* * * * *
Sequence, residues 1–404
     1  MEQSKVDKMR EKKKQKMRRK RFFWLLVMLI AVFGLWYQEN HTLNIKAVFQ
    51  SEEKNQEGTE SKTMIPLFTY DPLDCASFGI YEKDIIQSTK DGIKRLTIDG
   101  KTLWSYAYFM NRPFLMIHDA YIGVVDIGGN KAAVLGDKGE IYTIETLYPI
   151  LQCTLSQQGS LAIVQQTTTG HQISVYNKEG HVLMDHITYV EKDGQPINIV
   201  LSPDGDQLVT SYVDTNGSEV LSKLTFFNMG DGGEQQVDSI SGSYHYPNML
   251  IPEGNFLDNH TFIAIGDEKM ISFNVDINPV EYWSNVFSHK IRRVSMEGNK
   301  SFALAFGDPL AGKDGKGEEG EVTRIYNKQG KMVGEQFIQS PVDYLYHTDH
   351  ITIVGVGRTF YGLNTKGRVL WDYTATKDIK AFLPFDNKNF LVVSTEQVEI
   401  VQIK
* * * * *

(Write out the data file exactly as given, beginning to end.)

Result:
Sequence, residues 1–404
     1  MEQSKVDKMR EKKKQKMRRK RFFWLLVMLI AVFGLWYQEN HTLNIKAVFQ
    51  SEEKNQEGTE SKTMIPLFTY DPLDCASFGI YEKDIIQSTK DGIKRLTIDG
   101  KTLWSYAYFM NRPFLMIHDA YIGVVDIGGN KAAVLGDKGE IYTIETLYPI
   151  LQCTLSQQGS LAIVQQTTTG HQISVYNKEG HVLMDHITYV EKDGQPINIV
   201  LSPDGDQLVT SYVDTNGSEV LSKLTFFNMG DGGEQQVDSI SGSYHYPNML
   251  IPEGNFLDNH TFIAIGDEKM ISFNVDINPV EYWSNVFSHK IRRVSMEGNK
   301  SFALAFGDPL AGKDGKGEEG EVTRIYNKQG KMVGEQFIQS PVDYLYHTDH
   351  ITIVGVGRTF YGLNTKGRVL WDYTATKDIK AFLPFDNKNF LVVSTEQVEI
   401  VQIK